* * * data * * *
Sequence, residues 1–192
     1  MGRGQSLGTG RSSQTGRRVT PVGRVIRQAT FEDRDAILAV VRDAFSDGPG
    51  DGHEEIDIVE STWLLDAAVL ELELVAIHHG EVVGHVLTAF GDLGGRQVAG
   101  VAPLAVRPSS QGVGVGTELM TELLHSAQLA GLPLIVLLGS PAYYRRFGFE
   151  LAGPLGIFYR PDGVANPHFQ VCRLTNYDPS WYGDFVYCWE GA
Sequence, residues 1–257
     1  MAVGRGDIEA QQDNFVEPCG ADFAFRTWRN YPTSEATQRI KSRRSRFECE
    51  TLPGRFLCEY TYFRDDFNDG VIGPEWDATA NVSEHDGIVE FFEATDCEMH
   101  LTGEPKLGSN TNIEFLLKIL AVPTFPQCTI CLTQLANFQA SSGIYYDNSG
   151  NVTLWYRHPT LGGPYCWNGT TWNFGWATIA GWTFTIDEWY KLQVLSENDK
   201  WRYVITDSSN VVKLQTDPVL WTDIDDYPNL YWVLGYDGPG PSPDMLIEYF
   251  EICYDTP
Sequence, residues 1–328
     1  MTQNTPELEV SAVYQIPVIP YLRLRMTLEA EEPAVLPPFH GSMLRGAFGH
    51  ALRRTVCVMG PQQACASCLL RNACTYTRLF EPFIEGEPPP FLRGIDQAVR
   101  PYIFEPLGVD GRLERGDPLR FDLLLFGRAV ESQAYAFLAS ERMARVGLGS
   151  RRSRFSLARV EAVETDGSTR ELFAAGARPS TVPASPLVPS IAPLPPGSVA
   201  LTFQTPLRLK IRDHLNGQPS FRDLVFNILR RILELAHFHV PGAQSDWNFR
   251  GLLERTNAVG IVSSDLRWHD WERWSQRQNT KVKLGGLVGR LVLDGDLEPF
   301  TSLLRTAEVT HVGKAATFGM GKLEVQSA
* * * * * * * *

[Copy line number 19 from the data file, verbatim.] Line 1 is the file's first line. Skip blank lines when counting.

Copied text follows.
   251  GLLERTNAVG IVSSDLRWHD WERWSQRQNT KVKLGGLVGR LVLDGDLEPF